Remember: if the expert does not undertake the analyses by at least attempting to link the damages to the causal issues, it will be difficult to argue that the analyses are grounded in reliable principles and that methods designed to assist the trier of fact in understanding the damage issues in the case. Further, it won't be easy for the expert to defend his or her analyses with respect to the economic damages under rigorous cross-examination from the Defendant's counsel.


While an expert witness is not retained to prove or disprove the Plaintiff's case on liability, the expert is responsible for analyzing the damages and trying to attribute the damages to the alleged bad acts. If the expert can't, then the damage claim may be deemed to be speculative and unreasonable and could also leave the expert vulnerable to questions about his or her adherence to applicable professional standards in preparing the analysis.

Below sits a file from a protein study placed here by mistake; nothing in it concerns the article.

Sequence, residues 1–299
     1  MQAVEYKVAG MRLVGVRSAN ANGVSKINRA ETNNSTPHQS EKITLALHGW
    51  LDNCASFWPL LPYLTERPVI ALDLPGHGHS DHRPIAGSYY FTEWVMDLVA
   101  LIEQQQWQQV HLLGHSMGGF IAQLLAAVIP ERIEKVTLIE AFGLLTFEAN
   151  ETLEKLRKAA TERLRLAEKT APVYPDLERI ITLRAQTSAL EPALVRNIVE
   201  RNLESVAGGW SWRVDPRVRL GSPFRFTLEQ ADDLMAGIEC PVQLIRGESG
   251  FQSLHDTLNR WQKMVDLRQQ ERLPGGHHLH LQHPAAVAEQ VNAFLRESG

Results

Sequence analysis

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Robert P. Gray, CPA/ABV, CFE, FACFEI, Principal, Forensic & Litigation Services, Parente Randolph, LLC, Dallas, TX. Gray has an extensive background in financial/accounting analyses, business valuation, economic damages, forensic investigation and litigation. He is a member of the AICPA’s Forensic & Litigation Services Committee, which provides professional guidance to CPAs who perform fraud investigations and determine economic damages. David Duffus, Principal, Forensic & Litigation Services, Parente Randolph, LLC, Pittsburgh and Collette Pinault, Senior Associate, Forensic & Litigation Services, Parente Randolph, LLC, Pittsburgh assisted Gray in writing this article.